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  2. Comparison of psychosocial and medical characteristics of patients with dementia and their primary informal caregivers between inpatient and day clinic treatment

Comparison of psychosocial and medical characteristics of patients with dementia and their primary informal caregivers between inpatient and day clinic treatment

Background Caregiver burden is one of the most common reasons for hospitalization of patients with dementia. However, changes of location are not recommended for patients with dementia and associated with negative outcomes for patients with dementia. As there is yet a lack of outpatient treatment options, this study explores psychiatric day clinic treatment as option for patients with dementia by comparing characteristics of voluntarily treated patients with dementia and their respective informal caregivers between an inpatient and day clinic setting. Methods A total of 92 patients with dementia (56 inpatient, 36 day clinic) and their informal caregiver provided information on psychosocial and clinical characteristics (Mini-Mental-Status-Test, Neuropsychiatric Inventory, Bayer Activities of Daily Living, Barthel Index, Geriatric Depression Scale-30, Beck's Depression Inventory-II, caregiver burden, Short Form Health Survey-36) at the beginning of treatment and at follow-up (nā€‰=ā€‰48 patient caregiver dyads) six months after discharge. Results Patients with dementia did not differ in disease severity, neuropsychiatric symptoms, and depression depending on treatment setting. However, the higher the Bayer activities of daily living score, the more likely treatment in day clinic was. Caregivers from patients with dementia in the inpatient setting were younger and reported more financial burden, whereas caregivers from patients with dementia in the day clinic reported lower physical health and more burden due to practical caring responsibilities. Longitudinal data indicated no differences in characteristics of patients with dementia and caregivers depending on treatment setting, despite caregivers from patients in the day clinic reporting more depressive symptoms after six months. Conclusion Day clinic treatment for voluntarily treated patients with dementia might be an alternative to inpatient settings. Patients with dementia do not substantially differ depending on treatment setting, rather characteristics of the caregivers were associated with placement in inpatient or day clinic setting. The needs of caregivers deserve special attention when considering treatment for patients with dementia.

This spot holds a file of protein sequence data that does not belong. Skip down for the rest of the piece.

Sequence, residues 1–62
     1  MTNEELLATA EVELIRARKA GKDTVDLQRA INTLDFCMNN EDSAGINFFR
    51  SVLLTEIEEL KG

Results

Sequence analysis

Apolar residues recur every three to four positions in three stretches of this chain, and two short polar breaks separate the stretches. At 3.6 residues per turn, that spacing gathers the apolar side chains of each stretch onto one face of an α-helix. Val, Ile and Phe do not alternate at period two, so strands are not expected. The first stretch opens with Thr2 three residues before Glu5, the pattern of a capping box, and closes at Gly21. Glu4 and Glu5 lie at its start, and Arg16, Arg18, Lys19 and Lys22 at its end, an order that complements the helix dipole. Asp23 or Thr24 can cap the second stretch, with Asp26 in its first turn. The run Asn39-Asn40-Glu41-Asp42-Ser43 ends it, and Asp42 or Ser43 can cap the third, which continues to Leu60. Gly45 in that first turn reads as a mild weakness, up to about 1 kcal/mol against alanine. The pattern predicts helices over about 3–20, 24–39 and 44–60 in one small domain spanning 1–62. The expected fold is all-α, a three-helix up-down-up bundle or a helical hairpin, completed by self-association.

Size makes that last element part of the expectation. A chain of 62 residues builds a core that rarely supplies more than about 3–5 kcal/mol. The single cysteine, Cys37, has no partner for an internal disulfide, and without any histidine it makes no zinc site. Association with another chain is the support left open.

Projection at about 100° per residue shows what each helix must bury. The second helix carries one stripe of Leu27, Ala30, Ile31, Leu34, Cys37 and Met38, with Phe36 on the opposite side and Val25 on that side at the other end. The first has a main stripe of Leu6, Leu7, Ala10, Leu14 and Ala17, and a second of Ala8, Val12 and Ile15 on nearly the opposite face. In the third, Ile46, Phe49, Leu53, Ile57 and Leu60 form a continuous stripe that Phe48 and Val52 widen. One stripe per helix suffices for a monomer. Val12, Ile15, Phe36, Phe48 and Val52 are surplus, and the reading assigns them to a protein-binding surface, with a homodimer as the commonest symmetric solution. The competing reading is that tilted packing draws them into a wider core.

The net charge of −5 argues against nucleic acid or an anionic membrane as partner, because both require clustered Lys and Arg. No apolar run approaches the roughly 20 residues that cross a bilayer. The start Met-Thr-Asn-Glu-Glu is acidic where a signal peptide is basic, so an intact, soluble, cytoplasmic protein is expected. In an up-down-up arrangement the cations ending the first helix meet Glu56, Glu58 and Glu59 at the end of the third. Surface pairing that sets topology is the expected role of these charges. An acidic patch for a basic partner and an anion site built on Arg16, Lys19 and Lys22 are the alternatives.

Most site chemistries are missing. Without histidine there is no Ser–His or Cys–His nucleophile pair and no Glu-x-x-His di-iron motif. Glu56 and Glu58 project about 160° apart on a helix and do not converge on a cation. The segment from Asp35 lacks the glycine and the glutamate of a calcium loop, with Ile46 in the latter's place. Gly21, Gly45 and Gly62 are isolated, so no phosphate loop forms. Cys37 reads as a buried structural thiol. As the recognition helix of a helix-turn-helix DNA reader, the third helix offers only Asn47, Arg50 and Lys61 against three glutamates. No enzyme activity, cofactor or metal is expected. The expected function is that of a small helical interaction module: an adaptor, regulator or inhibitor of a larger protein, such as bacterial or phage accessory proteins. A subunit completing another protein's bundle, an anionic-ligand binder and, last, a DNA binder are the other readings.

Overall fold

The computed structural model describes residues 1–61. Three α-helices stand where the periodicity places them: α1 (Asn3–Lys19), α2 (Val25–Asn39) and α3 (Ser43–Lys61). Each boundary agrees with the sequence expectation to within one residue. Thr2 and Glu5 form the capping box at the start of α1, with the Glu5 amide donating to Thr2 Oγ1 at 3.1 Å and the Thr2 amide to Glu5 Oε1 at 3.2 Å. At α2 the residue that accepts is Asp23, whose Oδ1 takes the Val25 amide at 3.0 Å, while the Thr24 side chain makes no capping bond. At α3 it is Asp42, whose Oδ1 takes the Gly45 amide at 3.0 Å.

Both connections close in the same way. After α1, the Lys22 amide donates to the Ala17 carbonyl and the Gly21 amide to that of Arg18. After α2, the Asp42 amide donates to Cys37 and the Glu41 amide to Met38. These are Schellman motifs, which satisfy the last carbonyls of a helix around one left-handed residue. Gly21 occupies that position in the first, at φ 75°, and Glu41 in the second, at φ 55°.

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Key Information

Type of Reference
Jour
Type of Work
Journal article
Publisher
Sage
ISBN/ISSN
1741-2684
Publication Year
2018
Issue Number
3
Journal Titles
Dementia (London, England)
Volume Number
19
Start Page
606
End Page
617